VIDEO: Vaterra RC Camaro ZL1 Review

Admit it, as a kid you grew up pushing Hot Wheels around on the living room carpet, built model cars and depending on what era you’re from, more than likely enjoyed hours of fun with radio-controlled cars, too. We’re guilty as charged on all of these counts, and as long as die-casts, model kits, and R/C cars exist, they will continue to fuel the passions of next-generation gearheads the world over.

Recently, we’ve been hearing a lot about Vaterra R/C vehicles, seeing their videos all over YouTube and all over social media. With our interest and curiosity piqued, we just had to order one – you know, for the kid… our inner kid. We decided upon the Camaro ZL1, partly because the C7 Stingray version hadn’t been released at the time, and partly because we wanted to chase after the Mustang down the street; pony car vs. pony car.

If police cars aren’t your thing, Veterra also has a “civilian” Zl1, a pair of ’69 Camaros, a ’69 Corvette, and if you’re into other types of vehicles; a ’67 Mustang, a ’15 Mustang, a pair of R35 GT-Rs, and a Nissan S15 Silvia. They also have a selection of off-road type RC vehicles, our favorite being the two ’80s K5 Blazers.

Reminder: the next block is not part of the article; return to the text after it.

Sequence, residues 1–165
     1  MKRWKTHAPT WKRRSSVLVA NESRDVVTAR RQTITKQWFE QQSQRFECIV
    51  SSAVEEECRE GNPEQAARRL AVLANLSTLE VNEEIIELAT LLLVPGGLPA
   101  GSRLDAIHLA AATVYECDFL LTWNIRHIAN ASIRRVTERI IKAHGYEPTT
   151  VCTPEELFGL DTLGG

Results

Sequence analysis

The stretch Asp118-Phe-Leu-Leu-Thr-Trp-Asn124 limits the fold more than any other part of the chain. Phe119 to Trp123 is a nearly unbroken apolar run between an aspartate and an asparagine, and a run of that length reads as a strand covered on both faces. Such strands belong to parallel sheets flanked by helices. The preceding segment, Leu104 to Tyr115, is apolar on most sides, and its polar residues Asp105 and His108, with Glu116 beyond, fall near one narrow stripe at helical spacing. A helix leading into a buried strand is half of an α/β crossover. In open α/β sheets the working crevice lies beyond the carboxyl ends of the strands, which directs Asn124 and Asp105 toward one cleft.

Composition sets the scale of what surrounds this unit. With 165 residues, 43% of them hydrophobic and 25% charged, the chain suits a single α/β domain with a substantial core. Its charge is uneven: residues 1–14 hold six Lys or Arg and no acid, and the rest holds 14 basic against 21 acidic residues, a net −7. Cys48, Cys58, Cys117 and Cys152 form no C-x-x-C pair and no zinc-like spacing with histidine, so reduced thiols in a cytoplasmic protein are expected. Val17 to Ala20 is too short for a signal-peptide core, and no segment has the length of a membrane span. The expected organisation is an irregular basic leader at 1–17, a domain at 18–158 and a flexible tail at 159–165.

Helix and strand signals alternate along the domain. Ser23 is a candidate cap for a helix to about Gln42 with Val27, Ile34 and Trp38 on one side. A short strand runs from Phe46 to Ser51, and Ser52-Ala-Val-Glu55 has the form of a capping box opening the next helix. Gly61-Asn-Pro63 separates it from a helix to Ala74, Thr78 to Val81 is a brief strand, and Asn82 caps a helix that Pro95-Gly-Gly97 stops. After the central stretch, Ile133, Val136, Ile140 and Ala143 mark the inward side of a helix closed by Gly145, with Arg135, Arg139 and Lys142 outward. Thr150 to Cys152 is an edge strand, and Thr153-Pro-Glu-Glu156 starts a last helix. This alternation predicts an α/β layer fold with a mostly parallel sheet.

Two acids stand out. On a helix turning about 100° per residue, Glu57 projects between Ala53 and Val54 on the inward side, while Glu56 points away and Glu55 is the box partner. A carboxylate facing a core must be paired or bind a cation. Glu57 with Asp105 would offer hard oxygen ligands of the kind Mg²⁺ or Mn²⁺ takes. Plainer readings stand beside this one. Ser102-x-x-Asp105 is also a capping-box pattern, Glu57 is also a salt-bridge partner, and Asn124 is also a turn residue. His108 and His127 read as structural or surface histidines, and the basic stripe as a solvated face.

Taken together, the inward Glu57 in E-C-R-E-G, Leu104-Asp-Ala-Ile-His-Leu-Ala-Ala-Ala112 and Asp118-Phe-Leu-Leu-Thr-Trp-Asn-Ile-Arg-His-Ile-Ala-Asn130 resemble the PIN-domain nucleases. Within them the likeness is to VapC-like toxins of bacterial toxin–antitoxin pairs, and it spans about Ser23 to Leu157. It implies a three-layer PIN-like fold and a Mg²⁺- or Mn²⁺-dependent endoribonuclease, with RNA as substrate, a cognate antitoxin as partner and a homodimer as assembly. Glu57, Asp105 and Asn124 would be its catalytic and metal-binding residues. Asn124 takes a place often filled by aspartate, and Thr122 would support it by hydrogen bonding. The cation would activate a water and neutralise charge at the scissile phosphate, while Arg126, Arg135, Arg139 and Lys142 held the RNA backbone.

Once our interceptor ZL1 arrived at our door, complete with CHP livery, we tore into the packages and laid out everything for inspection. Rather surprisingly, it comes with everything you need for hours of enjoyment; including the batteries! It also comes with universal-style police decals (just in case you want to switch up the decor), onboard vehicle battery (not shown), batter charger, a few extra parts, allen wrenches for when you need to swap said parts out, instructions, and obviously, the remote control.


The remote control is probably one of the most interesting features. The various adjustments for speed, steering, and changes in which you want your remote to operate the vehicle, are quite vast. Granted, it’s been over 25 years since your author has operated an R/C car, and I’m sure many of these features are becoming the standard in modern radio controls, but I was completely blown away –  and almost baffled – at the sheer adjustability and customizability of everything.

Oh yeah, it is quite fast – as I immediately realized. After you let the battery charger charge the onboard battery (ours was fully-charged in under 45 minutes), this thing slingshots all over the pavement life a bat out of you-know-where. There are ways to adjust the car’s speed to slow it down, but who the heck wants to do that?? We also got a kick out of the lights on the roof and on the brush guard, adding to its visual appeal and authenticity.

Veterra’s R/C cars each retail in the neighborhood of $300, and believe it or not, can seriously take a beating. We should also point out the these are all-wheel drive as well, and even carpet and tall grass couldn’t slow the car down. For such little outlay, the investment is totally worth it. “Just keep it under 55, you hear me, boy?”

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